What is really means is that camera makers will be able to remove the very last set of parts that materially effects camera reliability: the actual, mechanical shutters. After the removal of moving mirrors with the introduction of EVFs a few years ago the mechanical shutters became the single most frequent reliability weak spot in all current cameras. They are fragile and all of them, no matter how great and wonderful the camera, eventually just wear out. Some far sooner than others. As the camera manufacturers move to make electronic shutters the only shutter in their cameras they are removing a big headache for themselves. They will reduce the amount of warranty work required by a huge amount. They will eliminate the entire structure of moving parts. In theory, once the investment in fast processors is amortized the cost savings should be profound.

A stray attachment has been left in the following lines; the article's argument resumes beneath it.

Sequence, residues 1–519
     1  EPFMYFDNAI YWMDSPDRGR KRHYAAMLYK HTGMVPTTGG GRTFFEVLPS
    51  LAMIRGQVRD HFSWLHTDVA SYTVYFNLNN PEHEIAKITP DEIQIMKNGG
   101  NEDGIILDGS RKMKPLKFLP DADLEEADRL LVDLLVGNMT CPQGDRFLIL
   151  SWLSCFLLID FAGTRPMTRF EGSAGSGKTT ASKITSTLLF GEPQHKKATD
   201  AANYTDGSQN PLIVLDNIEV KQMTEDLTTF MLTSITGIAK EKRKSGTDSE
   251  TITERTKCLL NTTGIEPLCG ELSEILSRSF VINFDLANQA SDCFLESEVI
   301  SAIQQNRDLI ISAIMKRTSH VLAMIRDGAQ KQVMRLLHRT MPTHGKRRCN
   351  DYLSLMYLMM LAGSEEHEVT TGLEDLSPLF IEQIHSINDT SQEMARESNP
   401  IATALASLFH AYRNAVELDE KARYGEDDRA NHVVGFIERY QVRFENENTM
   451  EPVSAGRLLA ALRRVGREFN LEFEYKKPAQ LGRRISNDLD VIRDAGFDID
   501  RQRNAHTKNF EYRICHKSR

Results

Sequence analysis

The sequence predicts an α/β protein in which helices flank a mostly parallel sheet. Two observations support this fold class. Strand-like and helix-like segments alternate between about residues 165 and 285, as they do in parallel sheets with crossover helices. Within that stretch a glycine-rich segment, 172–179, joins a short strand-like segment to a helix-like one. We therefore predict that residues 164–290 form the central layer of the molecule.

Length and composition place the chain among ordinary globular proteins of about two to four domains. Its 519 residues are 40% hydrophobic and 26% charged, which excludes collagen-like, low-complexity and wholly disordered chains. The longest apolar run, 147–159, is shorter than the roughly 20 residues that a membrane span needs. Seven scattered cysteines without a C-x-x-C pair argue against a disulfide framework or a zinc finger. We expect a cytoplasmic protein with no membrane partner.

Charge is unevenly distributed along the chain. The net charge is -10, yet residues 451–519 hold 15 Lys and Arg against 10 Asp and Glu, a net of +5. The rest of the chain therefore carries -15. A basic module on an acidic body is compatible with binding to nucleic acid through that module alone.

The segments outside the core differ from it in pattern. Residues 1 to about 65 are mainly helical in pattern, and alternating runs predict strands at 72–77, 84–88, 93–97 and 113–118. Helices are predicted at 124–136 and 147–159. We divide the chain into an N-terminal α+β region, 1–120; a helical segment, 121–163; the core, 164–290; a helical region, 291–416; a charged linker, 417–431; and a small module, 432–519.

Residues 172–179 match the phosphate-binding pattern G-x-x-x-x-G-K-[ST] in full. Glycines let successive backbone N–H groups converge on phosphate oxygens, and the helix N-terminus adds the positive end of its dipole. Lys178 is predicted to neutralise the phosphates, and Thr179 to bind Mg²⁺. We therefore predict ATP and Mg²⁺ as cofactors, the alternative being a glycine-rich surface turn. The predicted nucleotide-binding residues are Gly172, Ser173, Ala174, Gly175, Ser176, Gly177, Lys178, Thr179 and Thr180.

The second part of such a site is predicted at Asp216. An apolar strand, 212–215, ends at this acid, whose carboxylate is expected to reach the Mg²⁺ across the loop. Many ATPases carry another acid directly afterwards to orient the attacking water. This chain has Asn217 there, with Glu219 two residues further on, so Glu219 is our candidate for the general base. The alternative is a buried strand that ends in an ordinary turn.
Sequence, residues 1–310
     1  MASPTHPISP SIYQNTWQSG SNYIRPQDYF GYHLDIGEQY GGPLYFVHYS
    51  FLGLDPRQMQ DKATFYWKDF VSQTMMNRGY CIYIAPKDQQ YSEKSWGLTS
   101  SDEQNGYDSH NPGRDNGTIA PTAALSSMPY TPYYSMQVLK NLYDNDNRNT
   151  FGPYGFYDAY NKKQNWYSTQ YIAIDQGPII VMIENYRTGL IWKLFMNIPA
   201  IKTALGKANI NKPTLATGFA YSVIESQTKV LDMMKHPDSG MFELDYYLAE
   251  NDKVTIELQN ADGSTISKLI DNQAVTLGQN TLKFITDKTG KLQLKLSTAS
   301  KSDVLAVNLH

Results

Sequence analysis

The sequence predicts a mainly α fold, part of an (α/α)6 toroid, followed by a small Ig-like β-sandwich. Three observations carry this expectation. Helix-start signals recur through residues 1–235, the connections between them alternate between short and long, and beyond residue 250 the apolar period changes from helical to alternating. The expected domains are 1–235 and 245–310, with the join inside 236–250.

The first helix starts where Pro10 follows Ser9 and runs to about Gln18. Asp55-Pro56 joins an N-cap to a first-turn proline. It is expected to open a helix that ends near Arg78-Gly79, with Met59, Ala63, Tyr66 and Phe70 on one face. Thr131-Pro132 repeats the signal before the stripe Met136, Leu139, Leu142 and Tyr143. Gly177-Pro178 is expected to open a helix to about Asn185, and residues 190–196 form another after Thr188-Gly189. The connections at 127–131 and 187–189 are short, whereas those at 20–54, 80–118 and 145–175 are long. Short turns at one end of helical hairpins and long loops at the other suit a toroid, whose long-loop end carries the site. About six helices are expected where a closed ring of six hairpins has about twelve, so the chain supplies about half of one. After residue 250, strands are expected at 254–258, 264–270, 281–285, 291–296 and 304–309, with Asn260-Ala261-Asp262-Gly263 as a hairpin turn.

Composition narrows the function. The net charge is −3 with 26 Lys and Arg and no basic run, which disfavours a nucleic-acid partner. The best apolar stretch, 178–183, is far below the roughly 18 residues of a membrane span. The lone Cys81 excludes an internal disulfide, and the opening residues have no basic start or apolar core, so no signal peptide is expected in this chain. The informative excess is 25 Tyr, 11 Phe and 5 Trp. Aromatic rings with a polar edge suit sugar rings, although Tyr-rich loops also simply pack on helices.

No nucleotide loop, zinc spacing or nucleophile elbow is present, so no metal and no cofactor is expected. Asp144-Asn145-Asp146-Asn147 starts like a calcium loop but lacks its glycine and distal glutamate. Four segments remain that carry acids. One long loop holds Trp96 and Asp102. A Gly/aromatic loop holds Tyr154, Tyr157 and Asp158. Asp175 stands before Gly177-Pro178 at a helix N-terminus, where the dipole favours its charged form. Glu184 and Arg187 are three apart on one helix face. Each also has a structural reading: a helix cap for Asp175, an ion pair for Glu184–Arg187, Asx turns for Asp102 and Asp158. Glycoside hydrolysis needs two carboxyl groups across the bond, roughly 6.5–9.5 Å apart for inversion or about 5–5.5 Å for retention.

But don't worry. The cost savings will NOT be passed on to consumers. No, I'm betting that camera makers market the electronic shutter as a new feature and something highly desirable. And you'll pay more for it. Instead of reading advertising about dynamic range or megapixel count get ready to hear breathless accounts from the camera maker's influencer lackeys about how shooting at 20, 30 or 50 fps has changed their lives....how they are able to capture the more perfectly perfect moment in time. The ne plus ultra of fleeting expressions. And be prepared to withstand their condolences for those poor schmucks whose cameras limit them to only 8 or 10 frames per second. A whole swath of users relegated to shooting only things that don't move. At all.